Our three methods for creating new shrubs are easy, reliable, and budget friendly ways to quickly add more beautiful azaleas throughout your landscape!
Choose stem cuttings for evergreen azaleas, and stem layering for deciduous or native cultivars. For bigger plants, including rhododendrons, air layering gives dependable results.
Do you folks have any propagation questions? Drop us a note in the comments below.
And for more information on growing azaleas in your garden, be sure to check out these guides next:
- Beautiful Blooms: How to Add Azaleas to the Garden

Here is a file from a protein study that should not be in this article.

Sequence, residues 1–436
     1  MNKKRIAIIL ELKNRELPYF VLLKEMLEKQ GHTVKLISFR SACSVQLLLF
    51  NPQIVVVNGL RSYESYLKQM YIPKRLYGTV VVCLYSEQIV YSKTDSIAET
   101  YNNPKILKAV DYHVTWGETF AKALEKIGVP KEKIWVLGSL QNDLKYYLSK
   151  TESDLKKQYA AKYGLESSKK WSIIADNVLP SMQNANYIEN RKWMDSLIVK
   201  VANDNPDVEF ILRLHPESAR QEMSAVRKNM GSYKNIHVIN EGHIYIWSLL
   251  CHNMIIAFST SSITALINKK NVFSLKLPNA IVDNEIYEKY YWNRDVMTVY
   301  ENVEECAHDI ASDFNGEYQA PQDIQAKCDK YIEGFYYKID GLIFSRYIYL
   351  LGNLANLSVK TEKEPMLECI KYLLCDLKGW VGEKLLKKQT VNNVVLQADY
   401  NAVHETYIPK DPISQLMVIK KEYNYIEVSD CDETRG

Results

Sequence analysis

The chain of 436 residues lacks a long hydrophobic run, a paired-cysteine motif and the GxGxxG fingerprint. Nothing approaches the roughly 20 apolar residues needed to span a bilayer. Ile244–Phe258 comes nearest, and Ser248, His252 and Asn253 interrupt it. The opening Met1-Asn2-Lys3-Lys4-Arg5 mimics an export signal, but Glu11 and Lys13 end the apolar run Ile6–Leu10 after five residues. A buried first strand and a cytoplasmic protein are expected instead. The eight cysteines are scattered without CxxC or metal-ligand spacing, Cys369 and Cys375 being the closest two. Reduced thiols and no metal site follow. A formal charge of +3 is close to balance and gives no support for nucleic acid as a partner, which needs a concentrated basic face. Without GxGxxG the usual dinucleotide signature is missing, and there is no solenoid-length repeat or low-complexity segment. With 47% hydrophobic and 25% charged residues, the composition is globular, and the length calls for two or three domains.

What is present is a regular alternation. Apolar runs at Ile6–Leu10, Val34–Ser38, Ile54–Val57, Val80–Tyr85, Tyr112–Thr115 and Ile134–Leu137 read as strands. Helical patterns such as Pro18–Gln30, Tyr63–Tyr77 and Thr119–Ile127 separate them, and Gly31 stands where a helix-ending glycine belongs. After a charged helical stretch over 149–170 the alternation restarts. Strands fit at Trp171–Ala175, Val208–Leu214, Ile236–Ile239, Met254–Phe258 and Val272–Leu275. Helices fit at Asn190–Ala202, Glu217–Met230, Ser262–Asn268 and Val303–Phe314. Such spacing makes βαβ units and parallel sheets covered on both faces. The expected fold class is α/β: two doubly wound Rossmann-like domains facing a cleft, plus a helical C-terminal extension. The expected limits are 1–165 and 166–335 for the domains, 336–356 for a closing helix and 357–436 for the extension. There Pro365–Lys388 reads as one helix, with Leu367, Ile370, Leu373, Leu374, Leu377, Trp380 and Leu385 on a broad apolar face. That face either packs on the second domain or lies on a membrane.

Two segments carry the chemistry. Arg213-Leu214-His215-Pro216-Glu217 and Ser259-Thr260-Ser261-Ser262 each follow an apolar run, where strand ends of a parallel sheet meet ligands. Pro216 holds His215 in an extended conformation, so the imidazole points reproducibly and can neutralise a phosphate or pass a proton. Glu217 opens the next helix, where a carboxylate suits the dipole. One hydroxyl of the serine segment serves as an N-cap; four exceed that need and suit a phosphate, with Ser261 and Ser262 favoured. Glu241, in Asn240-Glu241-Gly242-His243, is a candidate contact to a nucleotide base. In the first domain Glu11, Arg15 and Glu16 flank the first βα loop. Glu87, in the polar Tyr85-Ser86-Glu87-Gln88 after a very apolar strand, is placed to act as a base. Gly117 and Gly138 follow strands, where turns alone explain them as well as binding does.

- How to Grow and Care for Azaleas in Containers
- 21 of the Best Azaleas Varieties
- Azalea Bloom Times and Flowering Groups
Photos by Lorna Kring © Ask the Experts, LLC. ALL RIGHTS RESERVED. See our TOS for more details. Product photo via Arbico Organics. Uncredited photos: Shutterstock.
About Lorna Kring
A writer, artist, and entrepreneur, Lorna is also a long-time gardener who got hooked on organic and natural gardening methods at an early age. These days, her vegetable garden is smaller to make room for decorative landscapes filled with color, fragrance, art, and hidden treasures. Cultivating and designing the ideal garden spot is one of her favorite activities – especially for gathering with family and friends for good times and good food (straight from the garden, of course)!